FISHES OF THE YELLOWSTONE NATIONAL PARK.1
With Description of the Park Waters and Notes on Fishing.
By HUGH M. SMITH and WILLIAM C. KENDALL.
The fishes of the Yellowstone National Park constitute one of the most interesting and noteworthy attractions of that wonderland. The special appeal which the fishes make to the park visitors comes partly from the beauty, gameness, and variety of the fishes, and partly from the inspiring environment in which fishing may be done. Among the wild, backboned animals in the park the fishes are the only ones whose killing is allowed and encouraged by the park authorities. The greatly increased number of visitors to the park in recent years has brought the fishes into unusual prominence and necessitates renewed efforts to maintain the supply by means of artificial propagation and protection.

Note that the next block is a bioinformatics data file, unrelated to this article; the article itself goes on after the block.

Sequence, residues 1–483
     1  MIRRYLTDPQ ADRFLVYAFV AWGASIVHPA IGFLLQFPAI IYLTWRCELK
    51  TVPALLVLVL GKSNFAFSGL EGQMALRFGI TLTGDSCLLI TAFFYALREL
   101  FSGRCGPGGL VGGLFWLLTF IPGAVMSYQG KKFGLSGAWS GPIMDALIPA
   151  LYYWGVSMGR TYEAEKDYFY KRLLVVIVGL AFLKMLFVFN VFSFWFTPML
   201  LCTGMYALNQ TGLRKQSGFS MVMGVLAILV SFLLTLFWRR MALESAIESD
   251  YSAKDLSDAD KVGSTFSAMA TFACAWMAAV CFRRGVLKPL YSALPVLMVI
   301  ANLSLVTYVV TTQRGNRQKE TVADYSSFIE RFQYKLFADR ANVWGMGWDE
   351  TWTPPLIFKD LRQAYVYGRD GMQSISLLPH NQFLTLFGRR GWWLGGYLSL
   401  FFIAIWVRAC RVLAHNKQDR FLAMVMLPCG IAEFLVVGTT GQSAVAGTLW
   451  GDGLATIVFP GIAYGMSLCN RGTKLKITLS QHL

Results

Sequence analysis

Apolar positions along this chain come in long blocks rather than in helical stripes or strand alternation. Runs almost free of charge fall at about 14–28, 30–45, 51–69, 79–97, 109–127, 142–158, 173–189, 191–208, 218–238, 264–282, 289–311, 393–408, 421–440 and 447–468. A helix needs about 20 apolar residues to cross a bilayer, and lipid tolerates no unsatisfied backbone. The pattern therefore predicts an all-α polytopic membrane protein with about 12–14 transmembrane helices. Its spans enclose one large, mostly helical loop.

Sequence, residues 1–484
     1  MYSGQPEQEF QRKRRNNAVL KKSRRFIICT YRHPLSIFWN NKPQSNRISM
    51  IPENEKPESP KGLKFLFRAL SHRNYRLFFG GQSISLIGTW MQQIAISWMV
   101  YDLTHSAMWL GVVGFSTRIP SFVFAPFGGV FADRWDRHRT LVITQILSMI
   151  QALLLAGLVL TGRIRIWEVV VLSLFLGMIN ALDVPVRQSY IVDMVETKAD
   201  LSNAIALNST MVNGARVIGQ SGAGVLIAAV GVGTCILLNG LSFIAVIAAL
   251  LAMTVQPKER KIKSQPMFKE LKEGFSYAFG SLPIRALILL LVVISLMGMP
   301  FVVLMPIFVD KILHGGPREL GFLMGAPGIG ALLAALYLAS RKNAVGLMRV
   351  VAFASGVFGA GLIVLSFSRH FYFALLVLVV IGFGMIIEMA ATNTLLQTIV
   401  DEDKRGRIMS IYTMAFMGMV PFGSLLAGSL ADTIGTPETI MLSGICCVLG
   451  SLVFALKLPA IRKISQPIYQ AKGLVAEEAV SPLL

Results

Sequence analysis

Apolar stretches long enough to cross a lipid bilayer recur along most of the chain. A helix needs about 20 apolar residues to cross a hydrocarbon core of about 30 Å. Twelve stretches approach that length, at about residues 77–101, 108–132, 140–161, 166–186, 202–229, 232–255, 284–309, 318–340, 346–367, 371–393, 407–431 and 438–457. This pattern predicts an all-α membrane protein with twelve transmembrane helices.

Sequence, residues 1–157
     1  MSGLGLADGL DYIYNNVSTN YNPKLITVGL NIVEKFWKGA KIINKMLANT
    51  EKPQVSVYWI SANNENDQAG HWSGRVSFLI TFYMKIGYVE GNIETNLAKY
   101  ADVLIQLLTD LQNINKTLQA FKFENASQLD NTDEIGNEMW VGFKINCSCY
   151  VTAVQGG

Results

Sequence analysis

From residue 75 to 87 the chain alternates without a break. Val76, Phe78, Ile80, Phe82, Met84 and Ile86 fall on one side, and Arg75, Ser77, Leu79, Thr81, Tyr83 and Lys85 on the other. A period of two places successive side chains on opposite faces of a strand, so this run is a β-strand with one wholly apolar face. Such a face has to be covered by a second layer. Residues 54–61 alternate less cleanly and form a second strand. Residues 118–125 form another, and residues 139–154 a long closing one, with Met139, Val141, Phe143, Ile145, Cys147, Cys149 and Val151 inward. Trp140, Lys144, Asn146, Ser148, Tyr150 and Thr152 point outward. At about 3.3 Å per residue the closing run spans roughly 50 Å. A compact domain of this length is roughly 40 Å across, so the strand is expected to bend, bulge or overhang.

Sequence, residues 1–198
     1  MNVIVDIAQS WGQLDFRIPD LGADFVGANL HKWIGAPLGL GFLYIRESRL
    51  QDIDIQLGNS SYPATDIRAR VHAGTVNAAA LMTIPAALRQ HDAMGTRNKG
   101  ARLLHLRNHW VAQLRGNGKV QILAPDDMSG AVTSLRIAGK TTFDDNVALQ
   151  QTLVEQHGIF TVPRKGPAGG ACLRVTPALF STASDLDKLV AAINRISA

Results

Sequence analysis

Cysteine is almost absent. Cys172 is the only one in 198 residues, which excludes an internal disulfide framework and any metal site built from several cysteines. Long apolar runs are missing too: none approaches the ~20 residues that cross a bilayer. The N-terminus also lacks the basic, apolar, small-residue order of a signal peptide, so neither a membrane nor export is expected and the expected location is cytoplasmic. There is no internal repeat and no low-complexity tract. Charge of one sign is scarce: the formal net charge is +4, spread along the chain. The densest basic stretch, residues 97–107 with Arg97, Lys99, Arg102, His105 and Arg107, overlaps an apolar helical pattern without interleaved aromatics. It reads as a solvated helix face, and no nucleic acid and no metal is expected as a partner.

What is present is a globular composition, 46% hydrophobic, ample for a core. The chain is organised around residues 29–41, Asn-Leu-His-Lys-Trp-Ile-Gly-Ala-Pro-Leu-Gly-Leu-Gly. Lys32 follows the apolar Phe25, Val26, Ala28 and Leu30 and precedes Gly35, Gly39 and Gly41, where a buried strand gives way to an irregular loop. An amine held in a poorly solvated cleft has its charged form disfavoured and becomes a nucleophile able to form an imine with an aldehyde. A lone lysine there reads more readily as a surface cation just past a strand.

It is hoped that this little document relating to fishes and fishing may serve a useful purpose beyond merely furnishing information for anglers. Increased knowledge of the park fishes should have the effect of increasing the public appreciation of the extraordinary opportunity for healthful recreation that the park affords, and at the same time should discourage unnecessary destruction of fish life and develop a spirit of cooperation with the Government agencies that are striving to maintain the fish supply.
The present report is a revised and amplified edition of the one published by the Bureau of Fisheries in 1915.2 The exhaustion of the supply of that document and the continued public demand for information on this subject, together with the availability of new data on the fishes, make this publication desirable.
Last Updated: 02-Apr-2007